Unforeseen dangers of weak criteria

I recently attended the Global ABS conference in Barcelona. This year, 4,000 people from all over the world descended on the city to discuss the European securitisation market.

As in previous years, the conference provid-ed an opportunity for lenders that rely on securitisations to meet investors, answer questions and brief them on future developments.

Why does this matter to brokers? The reason is that shifting trends and opinions in the securitisation market affect the products lenders can offer. Some of the largest providers of specialist loans in the UK rely on the Barcelona crowd to fund their production.

If investors take a vehement dislike to a product or a particular element of lending policy, the affected products will disappear from lenders’ ranges.

Predictably, a lot of the concerns this year relate to the problems seen in the US market. The fallout from the sub-prime correction is becoming increasingly political, with US regulators asking fundamental questions about the viability of certain products.

Basic elements of product design are under scrutiny. Regulators are questioning whether or not lenders should originate interest-only loans, whether teaser periods should be permitted and if they are, what level of payment shock should be allowed. The outcome of these discussions could alter the shape of lending in the US, with the worst case scenario ultimately leading to smaller sub-prime volumes in the country.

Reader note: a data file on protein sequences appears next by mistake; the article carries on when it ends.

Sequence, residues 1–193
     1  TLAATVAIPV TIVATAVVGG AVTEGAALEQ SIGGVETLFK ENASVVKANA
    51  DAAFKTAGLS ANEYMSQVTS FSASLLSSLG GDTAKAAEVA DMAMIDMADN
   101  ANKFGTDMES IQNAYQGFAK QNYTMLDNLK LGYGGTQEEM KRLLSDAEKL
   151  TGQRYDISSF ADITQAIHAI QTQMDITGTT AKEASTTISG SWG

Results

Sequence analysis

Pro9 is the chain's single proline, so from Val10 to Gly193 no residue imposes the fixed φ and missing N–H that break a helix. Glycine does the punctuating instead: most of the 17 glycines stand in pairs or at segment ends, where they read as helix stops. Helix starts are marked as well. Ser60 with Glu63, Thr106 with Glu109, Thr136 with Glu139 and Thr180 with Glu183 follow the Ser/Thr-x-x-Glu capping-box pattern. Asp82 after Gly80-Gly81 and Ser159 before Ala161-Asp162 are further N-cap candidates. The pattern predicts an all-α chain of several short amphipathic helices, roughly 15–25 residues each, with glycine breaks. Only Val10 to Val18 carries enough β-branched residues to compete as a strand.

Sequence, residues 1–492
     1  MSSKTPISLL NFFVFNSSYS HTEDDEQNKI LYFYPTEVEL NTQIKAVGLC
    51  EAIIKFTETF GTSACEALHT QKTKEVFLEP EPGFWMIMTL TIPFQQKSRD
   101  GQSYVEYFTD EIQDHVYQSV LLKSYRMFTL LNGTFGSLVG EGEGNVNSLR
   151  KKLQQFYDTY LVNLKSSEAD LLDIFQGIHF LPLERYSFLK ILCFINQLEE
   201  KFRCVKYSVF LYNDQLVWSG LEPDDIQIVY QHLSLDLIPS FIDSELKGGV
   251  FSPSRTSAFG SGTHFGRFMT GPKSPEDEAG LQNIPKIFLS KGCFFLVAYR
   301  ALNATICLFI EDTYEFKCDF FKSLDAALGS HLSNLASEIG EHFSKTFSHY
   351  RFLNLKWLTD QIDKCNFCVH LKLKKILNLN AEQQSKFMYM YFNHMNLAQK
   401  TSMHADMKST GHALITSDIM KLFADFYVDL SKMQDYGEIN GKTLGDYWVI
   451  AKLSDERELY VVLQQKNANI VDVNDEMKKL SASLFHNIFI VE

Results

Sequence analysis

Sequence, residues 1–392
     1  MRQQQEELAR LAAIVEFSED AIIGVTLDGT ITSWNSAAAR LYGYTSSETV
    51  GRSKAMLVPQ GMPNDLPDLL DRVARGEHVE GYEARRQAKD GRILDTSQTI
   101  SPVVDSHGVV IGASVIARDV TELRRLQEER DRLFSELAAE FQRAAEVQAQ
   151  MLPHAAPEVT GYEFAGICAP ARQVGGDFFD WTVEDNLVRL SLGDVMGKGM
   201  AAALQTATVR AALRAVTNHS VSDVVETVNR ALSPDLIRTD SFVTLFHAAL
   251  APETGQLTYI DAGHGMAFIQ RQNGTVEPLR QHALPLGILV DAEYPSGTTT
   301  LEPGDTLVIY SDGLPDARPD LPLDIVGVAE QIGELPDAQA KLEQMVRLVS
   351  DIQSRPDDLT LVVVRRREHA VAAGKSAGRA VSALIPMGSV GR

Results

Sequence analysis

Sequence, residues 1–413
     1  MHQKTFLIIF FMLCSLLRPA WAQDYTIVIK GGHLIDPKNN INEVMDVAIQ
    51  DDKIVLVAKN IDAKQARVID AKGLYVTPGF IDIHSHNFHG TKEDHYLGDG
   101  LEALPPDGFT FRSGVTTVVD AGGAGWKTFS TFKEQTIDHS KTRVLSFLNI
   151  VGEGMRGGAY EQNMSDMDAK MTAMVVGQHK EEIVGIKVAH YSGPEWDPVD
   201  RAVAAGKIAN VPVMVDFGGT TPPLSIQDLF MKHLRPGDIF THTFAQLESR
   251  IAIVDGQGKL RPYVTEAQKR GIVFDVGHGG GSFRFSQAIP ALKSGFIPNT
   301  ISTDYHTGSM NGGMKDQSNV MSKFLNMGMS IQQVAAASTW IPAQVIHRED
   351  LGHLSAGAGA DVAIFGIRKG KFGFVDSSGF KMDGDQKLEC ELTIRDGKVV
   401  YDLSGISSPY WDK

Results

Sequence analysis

The UK is a different market to the US and the macroeconomic fundamentals are sufficient-ly different to make US-style problems unlikely here. But a few investors in Barcelona highlighted UK trends that are worrying them.

The most common issue raised was that competition in the UK has increased significantly. More lenders are fighting for a slice of a market pie that hasn’t grown much since last year. And if lenders find their volumes being squeezed, some will succumb to the temptation to weaken their criteria.

The US problems were triggered substantially by macroeconomic changes. But the scale of the impact those changes eventually had was driven by weak lending criteria across the sub-prime market. It is not sensible to lend 100% LTV first mortgages and 25% ‘piggy back’ second mortgages to borrowers who state their income and properties’ value over the phone.

I’m not suggesting that anyone in the UK is that cavalier. But lenders would do well to remember that the views of investors will drive product design, so any decision to relax lending criteria will have consequences beyond the intended growth in volume.